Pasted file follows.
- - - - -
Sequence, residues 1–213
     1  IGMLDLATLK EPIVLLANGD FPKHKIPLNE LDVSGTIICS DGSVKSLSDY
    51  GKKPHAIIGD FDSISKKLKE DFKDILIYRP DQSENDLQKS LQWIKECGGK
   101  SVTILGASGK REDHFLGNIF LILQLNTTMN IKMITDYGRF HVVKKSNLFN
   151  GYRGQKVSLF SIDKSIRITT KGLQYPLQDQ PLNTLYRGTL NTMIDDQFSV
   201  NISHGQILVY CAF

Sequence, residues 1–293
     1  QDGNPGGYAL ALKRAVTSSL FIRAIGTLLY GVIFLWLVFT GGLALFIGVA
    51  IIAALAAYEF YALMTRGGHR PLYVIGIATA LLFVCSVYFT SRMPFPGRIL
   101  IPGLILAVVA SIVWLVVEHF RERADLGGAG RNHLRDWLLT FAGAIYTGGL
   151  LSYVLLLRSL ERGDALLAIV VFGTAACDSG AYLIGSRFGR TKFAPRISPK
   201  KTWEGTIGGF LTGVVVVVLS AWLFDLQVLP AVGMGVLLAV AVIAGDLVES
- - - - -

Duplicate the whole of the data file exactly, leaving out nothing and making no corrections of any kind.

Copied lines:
Sequence, residues 1–213
     1  IGMLDLATLK EPIVLLANGD FPKHKIPLNE LDVSGTIICS DGSVKSLSDY
    51  GKKPHAIIGD FDSISKKLKE DFKDILIYRP DQSENDLQKS LQWIKECGGK
   101  SVTILGASGK REDHFLGNIF LILQLNTTMN IKMITDYGRF HVVKKSNLFN
   151  GYRGQKVSLF SIDKSIRITT KGLQYPLQDQ PLNTLYRGTL NTMIDDQFSV
   201  NISHGQILVY CAF

Sequence, residues 1–293
     1  QDGNPGGYAL ALKRAVTSSL FIRAIGTLLY GVIFLWLVFT GGLALFIGVA
    51  IIAALAAYEF YALMTRGGHR PLYVIGIATA LLFVCSVYFT SRMPFPGRIL
   101  IPGLILAVVA SIVWLVVEHF RERADLGGAG RNHLRDWLLT FAGAIYTGGL
   151  LSYVLLLRSL ERGDALLAIV VFGTAACDSG AYLIGSRFGR TKFAPRISPK
   201  KTWEGTIGGF LTGVVVVVLS AWLFDLQVLP AVGMGVLLAV AVIAGDLVES